The new Harmony of the Seas is so big it’s divided into neighborhoods
Royal Caribbean's brand-new Harmony of the Seas, the world’s largest cruise ship, is 16 decks high, nearly as long as four football fields, and can carry 6,780 passengers and more than 2,000 crew. It feels like a floating city. And, like a city, the ship offers passengers lots and lots (and lots) of options from restaurants to entertainment to theme park-like attractions.
What are the benefits of being on such a huge ship?
Harmony offers plenty of choices, lots of places to explore, and nonstop action. If you want a drink, for example, ponder the options: There’s the Bionic Bar, where robots mix the martinis, the cozy wine bar, the outdoor tequila bar, the pub, and the Latin dance club (which serves lovely mojitos). And for something really unique, you can have Champagne in the 32-seat Rising Tide Bar, which literally rises like an open-air elevator, slowly ascending three decks. And that’s before you even consider your dinner options at 20 different restaurants, from a Johnny Rockets burger joint to 150 Central Park, an upscale restaurant with a menu created by chef Michael Schwarz of Michael's Genuine in Miami.
Then there’s the entertainment and attractions. Harmony is so big that it has been organized into seven neighborhoods. In Central Park, you’ll find paths that meander through more than 10,000 live plants and trees as well as posh shops (Bvlgari, Cartier, Hublot). Another neighborhood, the Boardwalk, holds a carousel, an amusement arcade, and the incredible AquaTheater, a 600-seat amphitheater with an 18-foot-deep pool where divers and aerial acrobats use 10-meter, Olympic-height diving boards to perform amazing shows.
Elsewhere you’ll find an ice rink, a zip line, rock-climbing walls, surfing simulators, a full-sized basketball court, and a huge theater for Broadway shows. And then there’s Harmony's most-talked-about feature, The Ultimate Abyss, the tallest slide at sea: Riders enter one of two purple tubes and plummet down 10 decks of twists, turns, and sheer drops.
What’s the downside of a ship this size?
Being on a ship this big means you might have long hikes from one activity to the next. And at times it just feels like you’re in a shopping mall.
Moreover, glimpses of the ocean are rarer than you might think. Increased height and width creates more interior volume that allows for grand spaces, but it also creates hundreds of inward-facing staterooms that don't have sea views. Royal Caribbean makes these interesting by having them look out on Central Park or the Boardwalk, and some inside rooms have "virtual balconies" that broadcast real-time outside views on high-definition screens.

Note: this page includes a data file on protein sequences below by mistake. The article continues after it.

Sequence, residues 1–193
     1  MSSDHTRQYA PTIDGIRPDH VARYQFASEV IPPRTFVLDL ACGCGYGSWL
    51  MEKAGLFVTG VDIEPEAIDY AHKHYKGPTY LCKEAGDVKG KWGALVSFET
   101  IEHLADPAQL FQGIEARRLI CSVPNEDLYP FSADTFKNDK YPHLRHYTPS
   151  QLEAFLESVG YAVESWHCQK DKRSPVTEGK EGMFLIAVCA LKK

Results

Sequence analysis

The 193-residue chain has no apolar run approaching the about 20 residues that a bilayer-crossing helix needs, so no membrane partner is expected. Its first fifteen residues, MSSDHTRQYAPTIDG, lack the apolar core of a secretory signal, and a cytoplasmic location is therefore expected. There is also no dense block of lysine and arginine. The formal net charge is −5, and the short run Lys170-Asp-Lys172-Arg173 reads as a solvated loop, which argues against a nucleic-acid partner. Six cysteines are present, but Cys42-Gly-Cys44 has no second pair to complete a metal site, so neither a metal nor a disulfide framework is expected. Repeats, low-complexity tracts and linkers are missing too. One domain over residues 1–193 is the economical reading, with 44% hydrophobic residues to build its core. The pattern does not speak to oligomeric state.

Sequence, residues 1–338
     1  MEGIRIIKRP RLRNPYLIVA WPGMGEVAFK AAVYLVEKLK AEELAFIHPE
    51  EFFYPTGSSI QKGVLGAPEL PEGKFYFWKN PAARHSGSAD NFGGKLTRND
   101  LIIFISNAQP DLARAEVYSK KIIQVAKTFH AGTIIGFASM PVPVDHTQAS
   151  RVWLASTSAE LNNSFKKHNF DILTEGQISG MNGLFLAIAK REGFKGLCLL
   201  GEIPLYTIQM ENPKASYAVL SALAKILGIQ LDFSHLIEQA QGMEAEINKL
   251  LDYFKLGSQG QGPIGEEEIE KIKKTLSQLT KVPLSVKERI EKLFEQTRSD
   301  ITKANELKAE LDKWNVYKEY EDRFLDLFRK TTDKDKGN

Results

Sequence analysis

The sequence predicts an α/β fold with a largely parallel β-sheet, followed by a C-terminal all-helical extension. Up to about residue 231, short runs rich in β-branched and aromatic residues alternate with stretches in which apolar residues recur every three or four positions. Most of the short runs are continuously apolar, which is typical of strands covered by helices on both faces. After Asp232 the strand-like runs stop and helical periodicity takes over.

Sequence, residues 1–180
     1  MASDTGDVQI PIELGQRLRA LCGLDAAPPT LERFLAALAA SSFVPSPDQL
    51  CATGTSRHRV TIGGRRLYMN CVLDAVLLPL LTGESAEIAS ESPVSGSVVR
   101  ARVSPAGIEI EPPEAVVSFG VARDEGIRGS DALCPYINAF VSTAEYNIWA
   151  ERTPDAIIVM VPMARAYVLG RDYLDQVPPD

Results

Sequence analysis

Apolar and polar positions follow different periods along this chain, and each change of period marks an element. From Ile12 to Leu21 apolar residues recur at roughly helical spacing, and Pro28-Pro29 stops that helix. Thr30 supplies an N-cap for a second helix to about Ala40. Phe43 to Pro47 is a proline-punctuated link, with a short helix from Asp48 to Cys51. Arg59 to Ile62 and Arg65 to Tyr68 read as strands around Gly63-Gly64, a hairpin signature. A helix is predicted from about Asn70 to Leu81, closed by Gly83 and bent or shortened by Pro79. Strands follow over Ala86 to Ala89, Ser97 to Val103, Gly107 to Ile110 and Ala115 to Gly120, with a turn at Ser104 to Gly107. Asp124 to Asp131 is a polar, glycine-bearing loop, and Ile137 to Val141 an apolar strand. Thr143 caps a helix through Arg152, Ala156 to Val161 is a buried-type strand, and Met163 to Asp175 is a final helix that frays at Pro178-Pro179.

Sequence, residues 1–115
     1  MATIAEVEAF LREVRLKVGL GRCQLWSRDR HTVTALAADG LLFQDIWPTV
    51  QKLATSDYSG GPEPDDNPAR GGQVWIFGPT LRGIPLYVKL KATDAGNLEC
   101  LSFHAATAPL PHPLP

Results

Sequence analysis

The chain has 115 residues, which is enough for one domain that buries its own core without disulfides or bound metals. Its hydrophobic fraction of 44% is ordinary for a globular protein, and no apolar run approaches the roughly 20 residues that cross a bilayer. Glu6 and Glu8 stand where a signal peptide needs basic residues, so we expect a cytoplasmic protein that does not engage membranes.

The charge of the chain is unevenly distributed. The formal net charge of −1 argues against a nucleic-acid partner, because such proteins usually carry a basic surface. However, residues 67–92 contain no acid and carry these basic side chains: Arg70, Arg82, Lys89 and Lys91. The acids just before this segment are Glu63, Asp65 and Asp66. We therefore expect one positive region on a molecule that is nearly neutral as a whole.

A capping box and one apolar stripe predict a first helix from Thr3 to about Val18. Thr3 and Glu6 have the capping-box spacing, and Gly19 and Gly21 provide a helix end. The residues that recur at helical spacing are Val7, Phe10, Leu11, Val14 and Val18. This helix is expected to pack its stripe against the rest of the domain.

Lastly, with so many people on board, lines can be long, and you’ll need to make reservations for headline entertainment (Broadway productions like "Grease," featured comedians, the ice shows, the diving spectaculars) and for specialty dining venues. (Eight of the ship's 20 dining venues carry service charges or are priced a la carte.)
What can passengers do about it?
Passengers can reserve seats for their preferred activities online before their trip or download the Royal iQ app on their mobile devices to connect, at no charge, to the ship's Intranet. Besides bookings, you can also use the app to see how much you're racking up at all those bars and restaurants. (A lot is included in the fare, but it's hard not to spend on a ship like this. You'll pay extra for the best burgers, coffee, steaks, and ice cream.)
And if you just feel like you need to get away from the crowds, there are some quiet spaces, like the card room and the partially shaded Solarium, which has cushioned sun beds.
If you thrive on big, bustling resorts, water parks, and action sports, you'll love it.
Anne Kalosh doesn’t count the cruises she’s taken, although there have been hundreds—including five years as a shipboard newspaper editor, sailing the world. She loves the experiences sea travel offers. Her byline has appeared in many major publications, and she’s on top of the latest cruise developments as the long-time U.S. editor for Seatrade-Cruise.com and Seatrade Cruise Review.